Microsoft released MS03-024: Buffer Overrun in Windows Could Lead to Data Corruption (817606). From the technical details, "By sending a specially crafted SMB packet request, an attacker could cause a buffer overrun to occur. If exploited, this could lead to data corruption, system failure, or—in the worst case—it could allow an attacker to run the code of their choice. An attacker would need a valid user account and would need to be authenticated by the server to exploit this flaw." I wonder of this is one of the vulnerabilities mentioned by Jeremy Allison of the Samba team on Slashdot last April?

Friday, July 11, 2003

The Design and Implementation of the FreeBSD Operating System

After perusing The Design and Implementation of the 4.4 BSD Operating System (Addison-Wesley, 1996) in the bookstore recently, I asked Kirk McKusick is he was working on a new edition of the book. He graciously replied:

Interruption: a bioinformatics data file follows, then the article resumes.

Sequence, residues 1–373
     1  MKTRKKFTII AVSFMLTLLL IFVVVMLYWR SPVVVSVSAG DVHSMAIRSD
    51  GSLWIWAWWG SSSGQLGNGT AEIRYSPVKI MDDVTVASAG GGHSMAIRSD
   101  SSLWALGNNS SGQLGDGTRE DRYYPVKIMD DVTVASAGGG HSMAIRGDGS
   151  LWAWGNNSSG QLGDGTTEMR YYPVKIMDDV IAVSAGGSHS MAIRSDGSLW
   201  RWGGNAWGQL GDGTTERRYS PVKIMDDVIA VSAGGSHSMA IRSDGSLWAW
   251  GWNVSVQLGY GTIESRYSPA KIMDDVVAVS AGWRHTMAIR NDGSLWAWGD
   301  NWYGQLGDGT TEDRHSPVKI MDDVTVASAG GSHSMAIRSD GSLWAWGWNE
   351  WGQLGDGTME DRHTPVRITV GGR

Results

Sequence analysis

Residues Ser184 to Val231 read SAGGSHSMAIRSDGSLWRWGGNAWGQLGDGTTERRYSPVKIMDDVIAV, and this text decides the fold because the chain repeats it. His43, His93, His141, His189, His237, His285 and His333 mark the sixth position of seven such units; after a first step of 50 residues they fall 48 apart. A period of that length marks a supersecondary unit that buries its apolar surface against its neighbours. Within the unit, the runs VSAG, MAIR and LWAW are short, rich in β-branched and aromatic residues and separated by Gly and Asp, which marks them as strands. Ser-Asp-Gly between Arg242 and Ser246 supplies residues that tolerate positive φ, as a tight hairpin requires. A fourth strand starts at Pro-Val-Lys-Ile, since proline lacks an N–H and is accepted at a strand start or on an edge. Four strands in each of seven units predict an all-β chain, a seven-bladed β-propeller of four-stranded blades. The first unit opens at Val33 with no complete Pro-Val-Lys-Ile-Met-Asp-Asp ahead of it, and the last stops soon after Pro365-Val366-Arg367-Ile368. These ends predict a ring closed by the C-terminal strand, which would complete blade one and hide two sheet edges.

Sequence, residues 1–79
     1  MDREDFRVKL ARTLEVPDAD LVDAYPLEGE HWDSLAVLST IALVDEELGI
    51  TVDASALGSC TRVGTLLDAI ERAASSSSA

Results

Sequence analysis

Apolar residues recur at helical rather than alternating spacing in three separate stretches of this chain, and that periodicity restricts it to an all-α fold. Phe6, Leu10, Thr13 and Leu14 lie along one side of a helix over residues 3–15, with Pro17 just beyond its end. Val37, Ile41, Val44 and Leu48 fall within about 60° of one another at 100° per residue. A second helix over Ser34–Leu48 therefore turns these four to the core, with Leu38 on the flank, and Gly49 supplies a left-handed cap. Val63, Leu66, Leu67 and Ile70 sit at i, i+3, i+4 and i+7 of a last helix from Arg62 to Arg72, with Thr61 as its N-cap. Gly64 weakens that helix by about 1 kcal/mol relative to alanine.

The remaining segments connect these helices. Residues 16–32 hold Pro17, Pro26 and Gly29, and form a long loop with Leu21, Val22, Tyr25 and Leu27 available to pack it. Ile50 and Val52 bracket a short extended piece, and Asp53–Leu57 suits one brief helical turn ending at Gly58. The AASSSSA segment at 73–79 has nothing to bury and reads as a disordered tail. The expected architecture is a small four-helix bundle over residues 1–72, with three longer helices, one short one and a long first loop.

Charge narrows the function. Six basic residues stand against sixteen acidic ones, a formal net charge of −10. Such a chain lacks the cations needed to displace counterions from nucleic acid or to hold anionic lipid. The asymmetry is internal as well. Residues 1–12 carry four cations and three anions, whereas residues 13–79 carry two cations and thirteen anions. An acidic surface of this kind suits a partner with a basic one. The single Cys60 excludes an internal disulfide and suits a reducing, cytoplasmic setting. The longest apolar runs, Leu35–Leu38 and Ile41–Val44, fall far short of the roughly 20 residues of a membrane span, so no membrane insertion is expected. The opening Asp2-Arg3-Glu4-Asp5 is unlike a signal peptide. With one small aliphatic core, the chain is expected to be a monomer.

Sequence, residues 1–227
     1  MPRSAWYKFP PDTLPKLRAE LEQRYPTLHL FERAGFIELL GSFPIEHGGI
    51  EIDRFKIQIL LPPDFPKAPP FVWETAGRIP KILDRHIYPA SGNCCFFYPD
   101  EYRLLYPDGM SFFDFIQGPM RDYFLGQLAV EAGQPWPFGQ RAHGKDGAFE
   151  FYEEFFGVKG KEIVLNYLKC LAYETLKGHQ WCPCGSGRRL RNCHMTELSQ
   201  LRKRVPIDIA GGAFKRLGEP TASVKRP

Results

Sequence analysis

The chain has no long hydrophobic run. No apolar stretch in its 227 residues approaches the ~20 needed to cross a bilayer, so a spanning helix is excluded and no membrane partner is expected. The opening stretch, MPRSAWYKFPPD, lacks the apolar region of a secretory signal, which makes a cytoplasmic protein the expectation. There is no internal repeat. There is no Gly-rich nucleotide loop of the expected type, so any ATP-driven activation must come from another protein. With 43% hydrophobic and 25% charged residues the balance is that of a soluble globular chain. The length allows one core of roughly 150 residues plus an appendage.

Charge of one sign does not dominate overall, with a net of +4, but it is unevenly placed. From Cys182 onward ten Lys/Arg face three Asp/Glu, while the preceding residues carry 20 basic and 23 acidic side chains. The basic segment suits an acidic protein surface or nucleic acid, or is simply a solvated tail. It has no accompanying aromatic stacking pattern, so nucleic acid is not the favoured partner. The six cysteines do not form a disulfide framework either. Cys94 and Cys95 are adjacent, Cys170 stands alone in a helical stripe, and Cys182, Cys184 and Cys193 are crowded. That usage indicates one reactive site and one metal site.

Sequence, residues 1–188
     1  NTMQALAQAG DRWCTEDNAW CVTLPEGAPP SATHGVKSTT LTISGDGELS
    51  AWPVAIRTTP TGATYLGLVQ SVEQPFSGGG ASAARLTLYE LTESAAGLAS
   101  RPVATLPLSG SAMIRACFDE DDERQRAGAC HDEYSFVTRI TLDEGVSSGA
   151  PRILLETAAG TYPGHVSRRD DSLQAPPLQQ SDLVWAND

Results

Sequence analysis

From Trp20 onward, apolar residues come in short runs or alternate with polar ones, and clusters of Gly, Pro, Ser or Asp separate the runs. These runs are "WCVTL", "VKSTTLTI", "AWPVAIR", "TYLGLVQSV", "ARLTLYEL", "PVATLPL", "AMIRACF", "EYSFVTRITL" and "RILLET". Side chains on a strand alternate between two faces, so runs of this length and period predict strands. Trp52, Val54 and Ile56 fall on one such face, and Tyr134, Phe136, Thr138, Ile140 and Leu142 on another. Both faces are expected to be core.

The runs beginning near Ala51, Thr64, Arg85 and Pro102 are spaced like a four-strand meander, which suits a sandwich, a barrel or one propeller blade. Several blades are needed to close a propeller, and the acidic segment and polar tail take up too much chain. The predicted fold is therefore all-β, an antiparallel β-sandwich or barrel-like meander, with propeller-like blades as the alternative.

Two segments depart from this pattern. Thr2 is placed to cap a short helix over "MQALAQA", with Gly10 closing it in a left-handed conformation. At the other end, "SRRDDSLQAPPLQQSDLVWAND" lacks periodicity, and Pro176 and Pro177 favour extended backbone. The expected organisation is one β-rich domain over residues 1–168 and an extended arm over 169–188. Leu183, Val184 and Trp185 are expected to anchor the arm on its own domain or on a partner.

We have just started working on a new edition of the 4.4BSD book to be called ``The Design and Implementation of the FreeBSD Operating System''. It will be based on the 5.X version of FreeBSD. It is to be published by Addison-Wesley and we hope to have it out in mid to late 2004.


I am really excited by this development. Several cool FreeBSD books have been published recently, like Absolute BSD and the The Embedded FreeBSD Cookbook. I can't wait to read the new McKusick book -- maybe by next year I'll be ready for it!

Hackers Hijack PC's for Sex Sites

Slashdot informed me of a New York Times article (free registration required) titled Hackers Hijack PC's for Sex Sites. Don't miss this post which offers some technical details which appear reasonable.

Thursday, July 10, 2003

Bonding Tap Outputs